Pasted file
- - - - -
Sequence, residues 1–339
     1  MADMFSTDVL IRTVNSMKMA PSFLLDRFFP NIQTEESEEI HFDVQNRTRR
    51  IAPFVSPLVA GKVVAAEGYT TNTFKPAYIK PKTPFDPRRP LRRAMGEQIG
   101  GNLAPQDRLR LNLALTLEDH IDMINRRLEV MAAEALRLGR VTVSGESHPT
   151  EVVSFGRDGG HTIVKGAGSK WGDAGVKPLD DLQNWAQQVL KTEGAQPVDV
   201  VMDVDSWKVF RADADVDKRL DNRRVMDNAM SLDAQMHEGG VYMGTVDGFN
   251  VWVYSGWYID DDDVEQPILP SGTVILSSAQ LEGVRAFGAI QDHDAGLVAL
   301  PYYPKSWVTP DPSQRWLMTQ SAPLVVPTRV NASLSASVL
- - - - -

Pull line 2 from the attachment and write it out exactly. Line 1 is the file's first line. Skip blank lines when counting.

     1  MADMFSTDVL IRTVNSMKMA PSFLLDRFFP NIQTEESEEI HFDVQNRTRR